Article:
A teaching artist is a practicing professional artist who extends the definition of practicing professional artist to include collaboration with classroom teachers with the goal of advancing teaching and learning. This goal is achieved through the design and presentation of activities that aim at illuminating the curriculum by engaging students in the medium of their craft, its skills, procedures and social/historical contexts.
Daniel Windham, The Wallace Foundation

A teaching artist is an artist who actively engages learners in consciously developing the aesthetics of their own processes for learning.
Arnold Aprill, CAPE (Chicago Arts Partnerships in Education)

When an artist “teaches” through his/her work (and by teaching I do not mean giving information as much as opening possibilities), art is produced. When a practicing artist agrees to break down the components of art making to fit some more linear model, then I suggest that art is being taught about rather than taught. When a practicing artist, on the other hand, is able to tap those more aesthetic and original ways of communicating that have made his/her art production deeply satisfying, then I think the real potential of the Teaching Artist is achieved. He/she is not teaching about art; she is teaching aesthetically, is being an artist in the way he relates to learners and situation.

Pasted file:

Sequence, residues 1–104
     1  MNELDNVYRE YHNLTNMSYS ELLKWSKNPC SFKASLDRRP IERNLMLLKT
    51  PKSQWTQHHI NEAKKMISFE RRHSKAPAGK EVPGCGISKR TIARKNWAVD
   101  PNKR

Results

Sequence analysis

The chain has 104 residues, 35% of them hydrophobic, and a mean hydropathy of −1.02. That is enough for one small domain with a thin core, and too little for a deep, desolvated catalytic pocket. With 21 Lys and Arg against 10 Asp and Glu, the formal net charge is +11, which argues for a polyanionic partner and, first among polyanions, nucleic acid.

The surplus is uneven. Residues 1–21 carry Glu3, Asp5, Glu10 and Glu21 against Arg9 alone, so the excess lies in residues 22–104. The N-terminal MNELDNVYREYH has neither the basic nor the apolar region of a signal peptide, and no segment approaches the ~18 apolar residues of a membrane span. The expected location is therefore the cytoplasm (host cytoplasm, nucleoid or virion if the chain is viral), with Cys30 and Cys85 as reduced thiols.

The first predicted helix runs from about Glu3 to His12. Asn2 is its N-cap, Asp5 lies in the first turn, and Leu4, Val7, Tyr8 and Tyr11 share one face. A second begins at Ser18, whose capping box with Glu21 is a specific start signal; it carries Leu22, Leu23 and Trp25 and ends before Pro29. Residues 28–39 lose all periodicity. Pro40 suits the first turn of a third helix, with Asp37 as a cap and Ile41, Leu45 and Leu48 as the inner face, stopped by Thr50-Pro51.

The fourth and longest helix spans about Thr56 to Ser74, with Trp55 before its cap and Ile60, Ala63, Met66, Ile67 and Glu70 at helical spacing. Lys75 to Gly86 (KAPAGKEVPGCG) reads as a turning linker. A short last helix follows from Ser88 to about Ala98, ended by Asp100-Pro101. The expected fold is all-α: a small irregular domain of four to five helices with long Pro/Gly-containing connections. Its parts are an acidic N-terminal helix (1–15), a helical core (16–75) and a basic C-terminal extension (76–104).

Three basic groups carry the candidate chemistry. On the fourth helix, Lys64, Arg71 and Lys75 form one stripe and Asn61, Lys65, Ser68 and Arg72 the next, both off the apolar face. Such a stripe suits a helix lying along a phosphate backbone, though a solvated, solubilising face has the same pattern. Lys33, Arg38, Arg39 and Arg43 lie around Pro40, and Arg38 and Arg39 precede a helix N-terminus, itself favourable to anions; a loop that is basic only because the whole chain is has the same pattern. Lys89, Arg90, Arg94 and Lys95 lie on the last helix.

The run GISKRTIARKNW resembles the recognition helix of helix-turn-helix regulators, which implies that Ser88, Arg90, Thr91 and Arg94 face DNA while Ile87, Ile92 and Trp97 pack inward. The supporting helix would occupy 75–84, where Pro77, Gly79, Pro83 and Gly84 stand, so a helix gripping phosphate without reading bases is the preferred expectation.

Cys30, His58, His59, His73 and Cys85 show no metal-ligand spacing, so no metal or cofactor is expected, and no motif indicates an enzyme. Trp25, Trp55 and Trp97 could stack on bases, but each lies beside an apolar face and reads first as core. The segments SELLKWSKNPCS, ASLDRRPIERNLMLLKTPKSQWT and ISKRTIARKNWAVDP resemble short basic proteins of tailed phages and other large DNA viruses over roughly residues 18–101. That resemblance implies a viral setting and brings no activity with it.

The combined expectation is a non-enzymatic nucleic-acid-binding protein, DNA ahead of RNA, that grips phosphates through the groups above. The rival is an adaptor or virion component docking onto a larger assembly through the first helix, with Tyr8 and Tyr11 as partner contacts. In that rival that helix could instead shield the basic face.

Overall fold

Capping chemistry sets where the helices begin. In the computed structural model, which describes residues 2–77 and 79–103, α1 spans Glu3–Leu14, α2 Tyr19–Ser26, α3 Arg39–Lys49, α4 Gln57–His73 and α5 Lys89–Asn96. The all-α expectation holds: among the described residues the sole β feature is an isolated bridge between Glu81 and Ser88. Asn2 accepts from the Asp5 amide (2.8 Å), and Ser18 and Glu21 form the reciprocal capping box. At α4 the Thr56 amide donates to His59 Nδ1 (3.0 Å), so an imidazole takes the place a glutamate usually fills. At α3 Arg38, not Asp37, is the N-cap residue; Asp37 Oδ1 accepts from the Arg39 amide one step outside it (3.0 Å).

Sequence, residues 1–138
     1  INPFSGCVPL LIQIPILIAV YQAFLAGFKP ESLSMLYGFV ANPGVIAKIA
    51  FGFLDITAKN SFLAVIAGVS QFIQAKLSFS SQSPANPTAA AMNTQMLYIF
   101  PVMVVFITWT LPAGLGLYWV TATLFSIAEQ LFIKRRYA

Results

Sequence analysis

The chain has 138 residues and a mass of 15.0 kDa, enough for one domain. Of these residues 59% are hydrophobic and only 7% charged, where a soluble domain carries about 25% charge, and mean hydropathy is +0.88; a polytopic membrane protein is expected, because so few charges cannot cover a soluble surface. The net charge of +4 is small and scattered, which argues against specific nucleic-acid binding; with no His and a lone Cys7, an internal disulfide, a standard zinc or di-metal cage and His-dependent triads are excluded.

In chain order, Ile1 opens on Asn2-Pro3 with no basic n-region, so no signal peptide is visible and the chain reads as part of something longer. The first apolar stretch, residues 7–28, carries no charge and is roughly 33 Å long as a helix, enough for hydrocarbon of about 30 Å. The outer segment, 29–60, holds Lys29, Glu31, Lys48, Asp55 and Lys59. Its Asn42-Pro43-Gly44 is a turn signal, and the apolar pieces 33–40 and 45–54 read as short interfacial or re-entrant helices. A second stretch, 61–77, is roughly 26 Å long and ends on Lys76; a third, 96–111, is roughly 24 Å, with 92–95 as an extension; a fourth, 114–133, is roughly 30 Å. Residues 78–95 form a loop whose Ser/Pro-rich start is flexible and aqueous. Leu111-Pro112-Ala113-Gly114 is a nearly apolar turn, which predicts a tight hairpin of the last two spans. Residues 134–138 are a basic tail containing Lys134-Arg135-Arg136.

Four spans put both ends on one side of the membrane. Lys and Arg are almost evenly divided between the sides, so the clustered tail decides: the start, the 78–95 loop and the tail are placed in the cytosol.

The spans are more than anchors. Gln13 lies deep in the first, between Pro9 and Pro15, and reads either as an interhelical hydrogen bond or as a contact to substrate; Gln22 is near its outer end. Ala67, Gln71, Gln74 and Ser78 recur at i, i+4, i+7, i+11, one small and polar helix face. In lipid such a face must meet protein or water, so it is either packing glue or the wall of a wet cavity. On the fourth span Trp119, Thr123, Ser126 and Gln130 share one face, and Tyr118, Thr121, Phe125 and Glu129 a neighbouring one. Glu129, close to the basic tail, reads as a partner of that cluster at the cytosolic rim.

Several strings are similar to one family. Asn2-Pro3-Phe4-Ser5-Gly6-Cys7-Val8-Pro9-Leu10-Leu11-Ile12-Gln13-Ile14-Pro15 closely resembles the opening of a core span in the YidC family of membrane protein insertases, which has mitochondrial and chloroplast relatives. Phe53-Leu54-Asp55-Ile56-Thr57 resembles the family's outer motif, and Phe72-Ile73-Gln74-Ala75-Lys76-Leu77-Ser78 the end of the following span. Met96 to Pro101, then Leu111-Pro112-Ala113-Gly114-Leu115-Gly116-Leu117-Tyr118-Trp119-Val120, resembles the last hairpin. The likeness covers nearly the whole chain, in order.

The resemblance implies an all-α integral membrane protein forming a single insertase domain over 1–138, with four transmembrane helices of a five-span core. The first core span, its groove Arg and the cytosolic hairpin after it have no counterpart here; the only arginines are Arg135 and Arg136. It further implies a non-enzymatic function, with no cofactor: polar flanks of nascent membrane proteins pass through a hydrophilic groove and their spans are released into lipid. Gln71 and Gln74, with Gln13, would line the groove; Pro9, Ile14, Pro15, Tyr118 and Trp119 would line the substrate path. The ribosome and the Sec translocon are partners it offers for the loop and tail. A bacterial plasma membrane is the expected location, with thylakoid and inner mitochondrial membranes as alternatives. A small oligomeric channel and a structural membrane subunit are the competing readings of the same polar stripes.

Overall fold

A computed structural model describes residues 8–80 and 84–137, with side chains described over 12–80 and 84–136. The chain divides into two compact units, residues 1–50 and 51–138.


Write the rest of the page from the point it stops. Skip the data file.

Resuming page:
Linda Duke, Krannert Art Museum

A Teaching Artist is an artist who has both extensively engaged in and reflected deeply on the creative, perceptive, and reflective processes inherent in making and viewing works of art and who has made a commitment to turn this reflection into action by guiding others to make works of art, perceive works of art, and reflect on the connections between art and the rest of life. … A Teaching Artist does not want to shape those they teach in their own image, but support learners to become more of who they are.
Christine Goodheart, arts learning consultant

Let’s conclude at the beginning. Etymologically, the word art comes from an Indo-European root meaning to put things together, and the word teach comes from the Greek meaning to show. So, the term teaching artist is born of two verbs (appropriately, since the work of a teaching artist is more about creation than information), and might be said to mean: one who shows how to put things together. Let’s put together a new future for music.